Every business is shaped by “economies of scale,” the principle that there are operating cost advantages related to its size or (in manufacturing, particularly) production volume. Manufacturers more typically express this concept as “productivity”: how can revenue be improved without an adverse affect on capital and operating costs?
But, “productivity” focuses on an enterprise’s specific costs and tends to deemphasize a salient point about “economies of scale,” that is, the factors shaping an enterprise’s competitive position are always changing. For that reason, larger businesses have advantages over small and mid-sized businesses, particularly in manufacturing — and particularly now that acquiring and processing data has emerged as a factor determining competitive standing. From sourcing energy and materials, to evaluating product or process design, to exploring new product and market opportunities, managing Big Data is a big challenge to small and midsized manufacturing businesses.
Now a startup business is commercializing technology developed at Argonne National Laboratory and the University of Chicago to provide “supercomputing-as-a-service” to SMBs, helping them to achieve economies of scale in managing the expanding volume of information that is constantly redefining businesses and industries.
“High Performance Computing, or HPC, refers to the use of many computers working concurrently (‘in parallel’) to solve large-scale computing problems, such as simulating the operations of a manufacturing plant,” explained Michael Wilde, CEO of Parallel Works Inc. “If, for example, you have 10,000 computers available, and can thus evaluate 10,000 designs at a time, then a computation that would have taken 1 million minutes (almost two years) can now be done in under two hours. That's high performance computing.”
Parallel Works is offering that capability to SMBs in a Cloud-based HPC platform via a "software as a service" model, typically to be accessed from a Web browser. “Users select from a set of pre-written ‘workflow apps’ developed by third-party vendors, or even by the customer's own IT staff, to solve specific problems product design, manufacturing process improvement, assembly or end-customer application simulation,” Wilde detailed.
Making such functionality available to SMBs is partly an effort to “democratize high-performance computing,” according to Parallel Works’ statement. Similar publicly available capabilities are offered by Amazon, Google, and other vendors, “but there’s still a gap in terms of the expertise that an SMB needs to actually use the Cloud,” Wilde noted. The task for Parallel Works is “to connect the cloud to (an SMB’s) critical business and engineering processes.”
What the manufacturer will find, he said, is an ability “to effectively harness the power of parallel HPC … with a minimum of IT expertise needed, with minimal time delay, and on a pay-as-you-go basis with little or no up-front investment.”
The need for supercomputing capability is real, and expanding, according to Parallel Works. Current manufacturing supply chains are realigning not only according to the variable production costs of individual competitors but also according to the needs of customers, regulatory changes, and in particular design changes. HPC allows the manufacturer to evaluate vast numbers of design variations in advance of prototyping. Following that, there are comparable advantages to evaluating differing production set-up possibilities.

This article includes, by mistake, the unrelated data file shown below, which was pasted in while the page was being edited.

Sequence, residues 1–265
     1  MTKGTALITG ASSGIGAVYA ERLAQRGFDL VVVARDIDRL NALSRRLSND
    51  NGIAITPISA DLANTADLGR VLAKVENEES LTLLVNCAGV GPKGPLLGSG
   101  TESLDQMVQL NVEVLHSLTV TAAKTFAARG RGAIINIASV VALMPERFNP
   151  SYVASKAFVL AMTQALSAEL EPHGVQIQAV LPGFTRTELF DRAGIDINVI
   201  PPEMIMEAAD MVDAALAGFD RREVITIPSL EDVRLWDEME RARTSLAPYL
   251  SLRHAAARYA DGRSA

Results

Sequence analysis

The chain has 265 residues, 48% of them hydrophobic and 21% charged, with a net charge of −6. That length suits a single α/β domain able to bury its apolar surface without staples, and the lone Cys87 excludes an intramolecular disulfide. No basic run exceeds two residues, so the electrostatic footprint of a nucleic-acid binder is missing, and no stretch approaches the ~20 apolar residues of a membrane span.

Consider HPC in a machining operation, where it will mean that a product design can be evaluated versus any number of tool-path options, to identify the optimal production set-up.
Wilde also identified advantages of HPC in a business’s marketing efforts: “Many products need to be simulated in the sales process,” he noted. “For example, the performance yields expected from advanced building products, better industrial chemicals and other advanced materials, vehicles and vehicle parts, all may need to be simulated to predict their performance and ROI to the customer in specific application contexts.”
An important advantage to Parallel Works’ HPC offering would be the ready availability of the technology update: “Our vision is that HPC systems would run software tools called ‘optimizers’,” according to Wilde, “which quickly and intelligently explore and analyze a vast number of possible process improvements for a product design or a factory or manufacturing system or subsystem.”
What Wilde is describing is typically called a “design exploration service,” which applies to the design of and manufacturing processes for a product, and to its end-customer application. Such optimization processes would run periodically in parallel to existing process control and MES functions, but periodically, “as new lines are created, new products are introduced, or as model mixes change over time.” The optimization process would interact with PLM, ERP, and related systems in the enterprise, to set new MES parameters or execution plans that increase process performance.
There is no hardware to be installed by the manufacturer: all the parallel computing hardware typically lives in and/or is accessed via, the cloud. “You only pay for the computing you need, and you get as much of it as you need, when you need it,” Wilde noted. “That’s a great reduction in capital expense and in the specialized and costly IT expertise you need to select, purchase and operate such parallel equipment.”
The economies of scale may be shifting for manufacturers of all sizes, but the scope and influence of data is not “scalable”: It is only increasing. As a consequence, there is a growing need for business decisions to access the resources of HPC, and so adopting “supercomputing” may be seen as a productivity strategy, rather than just an investment option.